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Ketotic Hypoglycemia Vomiting Child

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Take Dr. Berg's Body Type Quiz: http://bit.ly/BodyTypeQuiz Dr. Berg talks about his theory on dementia, blood pressure control and stroke. There are a lot of unknowns about dementia. But there is an interesting associated factor, i.e. the build up of calcium in the arteries of the brain. Also, if the arteries get packed with calcium packing, the arteries get hard and it might be one of the causes for high blood pressure. Stroke is a situation of blocking of vascular blood flow to the brain. Dosages to try: Healthy normal person: Vitamin D3 (10,000 IUs) + Vitamin K2 (MK-7) (100mcg) per day Unhealthy person: Vitamin D3 (30,000 IUs) + Vitamin K2 (MK-7) (300mcg) per day Vitamin D and K2 work together and help to mobilize calcium. You may want to consume both vitamins, in the morning with butter or coconut oil for better absorption (due to being fat soluble). Vitamin D3 is about absorption of calcium and vitamin K2 is about directing where calcium goes - both working together to keep your arteries and soft tissues clean and your bones strong. Unless you have osteoporosis, I would not recommend taking extra calcium. Instead consume some cheese on a daily basis. Most of the calcium in the body is recycled so adding more, is not needed. Never consume calcium carbonate (limestone) as your calcium. If you take calcium and vitamin D without K2, you may be in danger of excess calcium build up - calcification of your vessels. Yet K2 is a powerful inhibitor of calcification of soft tissues. If you need help digesting fats or are missing a gallbladder, I recommend a product called Gallbladder Formula: https://shop.drberg.com/gallbladder-f... CONNECTION BETWEEN CALCIUM AND DEMENTIA (MEMORY PROBLEMS) http://www.npr.org/templates/story/st... http://faculty.sites.uci.edu/kimgreen... http://www.telegraph.co.uk/news/uknew... CONNECTION BETWEEN CALCIUM AND HEART ATTACK http://www.ncbi.nlm.nih.gov/pubmed/22... http://www.dailymail.co.uk/health/art... http://www.sciencedaily.com/releases/... CONNECTION BETWEEN CALCIUM AND STROKE http://www.medpagetoday.com/cardiolog... VITAMIN K2 http://wholehealthsource.blogspot.com... http://www.lef.org/magazine/2008/3/Pr... http://www.newswithviews.com/Howensti... http://www.rejuvenation-science.com/n... http://www.vitamindwiki.com/Vitamin+K... K2 is present in: *grass-fed beef, yogurt, cheese, butter *goose liver *hard cheese and brie *grass-fed egg yolks *Sauerkraut (raw) *grass-fed kefir *Kimchi Dr. Eric Berg DC Bio: Dr. Berg, 50 years of age is a chiropractor who specializes in weight loss through nutritional and natural methods. His private practice is located in Alexandria, Virginia. His clients include senior officials in the U.S. government and the Justice Department, ambassadors, medical doctors, high-level executives of prominent corporations, scientists, engineers, professors, and other clients from all walks of life. He is the author of The 7 Principles of Fat Burning, published by KB Publishing in January 2011. Dr. Berg trains chiropractors, physicians and allied healthcare practitioners in his methods, and to date he has trained over 2,500 healthcare professionals. He has been an active member of the Endocrinology Society, and has worked as a past part-time adjunct professor at Howard University. DR. BERG'S VIDEO BLOG: http://www.drberg.com/blog Disclaimer: Dr. Eric Berg received his Doctor of Chiropractic degree from Palmer College of Chiropractic in 1988. His use of doctor or Dr. in relation to himself solely refers to that degree. Dr. Berg is a licensed chiropractor in Virginia, California, and Louisiana, but he no longer practices chiropractic in any state and does not see patients. This video is for general informational purposes only. It should not be used to self-diagnose and it is not a substitute for a medical exam, cure, treatment, diagnosis, and prescription or recommendation. It does not create a doctor-patient relationship between Dr. Berg and you. You should not make any change in your health regimen or diet before first consulting a physician and obtaining a medical exam, diagnosis, and recommendation. Always seek the advice of a physician or other qualified health provider with any questions you may have regarding a medical condition. The Health & Wellness, Dr. Berg Nutritionals and Dr. Eric Berg, D.C. are not liable or responsible for any advice, course of treatment, diagnosis or any other information, services or product you obtain through this video or site.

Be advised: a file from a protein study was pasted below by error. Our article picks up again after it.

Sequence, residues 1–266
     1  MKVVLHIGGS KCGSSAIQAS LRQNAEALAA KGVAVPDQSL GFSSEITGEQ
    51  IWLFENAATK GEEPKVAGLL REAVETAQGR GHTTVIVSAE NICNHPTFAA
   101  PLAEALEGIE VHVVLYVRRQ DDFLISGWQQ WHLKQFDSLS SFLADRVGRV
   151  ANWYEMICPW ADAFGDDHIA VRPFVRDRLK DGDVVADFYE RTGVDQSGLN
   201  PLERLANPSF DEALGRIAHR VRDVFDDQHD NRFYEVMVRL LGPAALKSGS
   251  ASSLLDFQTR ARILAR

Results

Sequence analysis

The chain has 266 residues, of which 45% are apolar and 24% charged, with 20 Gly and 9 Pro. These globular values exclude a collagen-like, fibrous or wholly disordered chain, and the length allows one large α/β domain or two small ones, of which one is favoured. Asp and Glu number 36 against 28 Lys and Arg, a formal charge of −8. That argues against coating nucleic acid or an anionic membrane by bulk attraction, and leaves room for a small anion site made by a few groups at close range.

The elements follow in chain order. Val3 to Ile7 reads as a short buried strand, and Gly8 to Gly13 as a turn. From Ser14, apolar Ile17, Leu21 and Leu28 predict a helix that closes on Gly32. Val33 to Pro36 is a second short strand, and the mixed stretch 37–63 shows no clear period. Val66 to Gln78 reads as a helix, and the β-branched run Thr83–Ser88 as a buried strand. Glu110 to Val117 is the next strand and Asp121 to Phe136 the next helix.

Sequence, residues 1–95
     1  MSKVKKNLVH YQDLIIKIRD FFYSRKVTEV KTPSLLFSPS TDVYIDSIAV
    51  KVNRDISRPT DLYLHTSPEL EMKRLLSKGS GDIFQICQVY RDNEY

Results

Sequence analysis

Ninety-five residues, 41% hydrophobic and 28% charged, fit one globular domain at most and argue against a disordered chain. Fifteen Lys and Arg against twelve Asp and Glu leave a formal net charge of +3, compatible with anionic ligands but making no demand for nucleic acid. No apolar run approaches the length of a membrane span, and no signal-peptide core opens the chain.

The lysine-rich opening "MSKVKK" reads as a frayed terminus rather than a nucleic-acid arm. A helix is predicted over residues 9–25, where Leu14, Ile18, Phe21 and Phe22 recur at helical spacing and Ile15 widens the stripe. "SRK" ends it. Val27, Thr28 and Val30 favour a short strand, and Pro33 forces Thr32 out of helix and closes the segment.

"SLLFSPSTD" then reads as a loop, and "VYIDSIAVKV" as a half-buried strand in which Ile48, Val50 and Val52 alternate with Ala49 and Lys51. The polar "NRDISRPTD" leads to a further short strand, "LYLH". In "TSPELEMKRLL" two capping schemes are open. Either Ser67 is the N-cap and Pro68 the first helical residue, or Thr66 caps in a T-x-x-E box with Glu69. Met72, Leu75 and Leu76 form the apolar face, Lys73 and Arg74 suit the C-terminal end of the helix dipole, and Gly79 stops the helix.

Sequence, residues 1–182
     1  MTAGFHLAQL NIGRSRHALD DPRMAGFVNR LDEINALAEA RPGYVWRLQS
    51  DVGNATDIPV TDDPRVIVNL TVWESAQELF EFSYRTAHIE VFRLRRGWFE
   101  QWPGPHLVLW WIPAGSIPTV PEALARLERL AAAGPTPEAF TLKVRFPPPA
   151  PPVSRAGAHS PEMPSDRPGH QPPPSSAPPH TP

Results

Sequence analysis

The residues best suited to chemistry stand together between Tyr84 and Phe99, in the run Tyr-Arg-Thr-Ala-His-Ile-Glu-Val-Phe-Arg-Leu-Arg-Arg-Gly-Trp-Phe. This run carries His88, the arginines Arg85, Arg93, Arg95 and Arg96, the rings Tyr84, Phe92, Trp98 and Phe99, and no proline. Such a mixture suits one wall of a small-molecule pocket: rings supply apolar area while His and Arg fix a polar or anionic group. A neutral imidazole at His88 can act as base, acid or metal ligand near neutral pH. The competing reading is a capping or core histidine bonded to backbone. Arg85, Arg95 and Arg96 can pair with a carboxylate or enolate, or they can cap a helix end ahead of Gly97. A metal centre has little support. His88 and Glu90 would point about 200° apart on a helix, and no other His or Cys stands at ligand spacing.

The Theory.

Tell me who this sounds like: The typical patient with ketotic hypoglycemia is a "toddler", a young child between the ages of 10 months and 4 years. Episodes nearly always occur in the morning after an overnight fast, often longer than usual. Symptoms include those of neuroglycopenia, ketosis, or both. The neuroglycopenic symptoms usually include lethargy and malaise, but may include unresponsiveness or seizures. The principal symptoms of ketosis are anorexia, abdominal discomfort, and nausea, sometimes progressing to vomiting. If severe, parents usually take the child to a local emergency department, where blood is drawn. The glucose is usually found to be between 35 and 60 mg/dl (1.8-3.1 mMol/L). The total CO2 is usually somewhat low as well, (14-19 mMol/L is typical), and if urine is obtained, high levels of ketones are discovered. Ketones can also be measured in the blood at the bedside (Medisense glucometer). Other routine tests are normal. If given intravenous fluids with saline and dextrose, the child improves dramatically and is usually restored to normal health within a few hours. A first episode is usually attributed to a "viral infection" or acute gastroenteritis. Howeve Continue reading >>

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  1. serena b(22)

    Ketotic Hypoglycaemia:No outside help!

    My son is 5years old and has had 6 seizures, the problem being is the last 2 have not been brought on by anything.The hospitals in Leicester have been treating me like some kind of neurotic mother but my son has recently been to GOSH where even they are baffled by his condition (they were brilliant), they are looking into things but whilst this is all going on Sean is to old for a health visitor and I have had to sort out a careplan for his school.I know what to do and have all the relavent tools until an ambulance gets here but would like to off load occasionally with other parents with children of a similar/same condition however rare this condition is.

  2. Helen C(431)